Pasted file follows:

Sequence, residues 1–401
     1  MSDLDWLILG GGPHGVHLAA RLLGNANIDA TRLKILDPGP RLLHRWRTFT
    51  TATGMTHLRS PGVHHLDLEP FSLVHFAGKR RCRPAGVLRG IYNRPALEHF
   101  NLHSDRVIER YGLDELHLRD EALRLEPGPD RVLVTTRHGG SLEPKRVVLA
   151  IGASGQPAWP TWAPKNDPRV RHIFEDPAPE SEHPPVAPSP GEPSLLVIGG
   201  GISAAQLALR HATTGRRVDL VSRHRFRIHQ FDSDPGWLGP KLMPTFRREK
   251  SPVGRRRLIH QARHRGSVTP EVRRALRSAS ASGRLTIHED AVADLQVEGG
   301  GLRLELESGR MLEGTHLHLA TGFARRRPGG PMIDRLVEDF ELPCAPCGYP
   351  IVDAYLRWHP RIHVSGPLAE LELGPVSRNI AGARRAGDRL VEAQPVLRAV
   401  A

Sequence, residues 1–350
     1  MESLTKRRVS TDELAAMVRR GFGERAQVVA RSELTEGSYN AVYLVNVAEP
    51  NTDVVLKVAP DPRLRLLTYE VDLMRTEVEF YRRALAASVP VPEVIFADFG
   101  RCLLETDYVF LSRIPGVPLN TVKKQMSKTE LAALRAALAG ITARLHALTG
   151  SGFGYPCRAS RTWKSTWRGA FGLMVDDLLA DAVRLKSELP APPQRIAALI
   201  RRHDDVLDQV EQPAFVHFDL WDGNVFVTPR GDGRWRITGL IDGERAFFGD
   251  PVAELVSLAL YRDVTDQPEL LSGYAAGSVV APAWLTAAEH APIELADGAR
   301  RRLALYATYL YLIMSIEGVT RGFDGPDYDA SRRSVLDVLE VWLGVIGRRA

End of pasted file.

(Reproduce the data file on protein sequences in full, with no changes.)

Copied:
Sequence, residues 1–401
     1  MSDLDWLILG GGPHGVHLAA RLLGNANIDA TRLKILDPGP RLLHRWRTFT
    51  TATGMTHLRS PGVHHLDLEP FSLVHFAGKR RCRPAGVLRG IYNRPALEHF
   101  NLHSDRVIER YGLDELHLRD EALRLEPGPD RVLVTTRHGG SLEPKRVVLA
   151  IGASGQPAWP TWAPKNDPRV RHIFEDPAPE SEHPPVAPSP GEPSLLVIGG
   201  GISAAQLALR HATTGRRVDL VSRHRFRIHQ FDSDPGWLGP KLMPTFRREK
   251  SPVGRRRLIH QARHRGSVTP EVRRALRSAS ASGRLTIHED AVADLQVEGG
   301  GLRLELESGR MLEGTHLHLA TGFARRRPGG PMIDRLVEDF ELPCAPCGYP
   351  IVDAYLRWHP RIHVSGPLAE LELGPVSRNI AGARRAGDRL VEAQPVLRAV
   401  A

Sequence, residues 1–350
     1  MESLTKRRVS TDELAAMVRR GFGERAQVVA RSELTEGSYN AVYLVNVAEP
    51  NTDVVLKVAP DPRLRLLTYE VDLMRTEVEF YRRALAASVP VPEVIFADFG
   101  RCLLETDYVF LSRIPGVPLN TVKKQMSKTE LAALRAALAG ITARLHALTG
   151  SGFGYPCRAS RTWKSTWRGA FGLMVDDLLA DAVRLKSELP APPQRIAALI
   201  RRHDDVLDQV EQPAFVHFDL WDGNVFVTPR GDGRWRITGL IDGERAFFGD
   251  PVAELVSLAL YRDVTDQPEL LSGYAAGSVV APAWLTAAEH APIELADGAR
   301  RRLALYATYL YLIMSIEGVT RGFDGPDYDA SRRSVLDVLE VWLGVIGRRA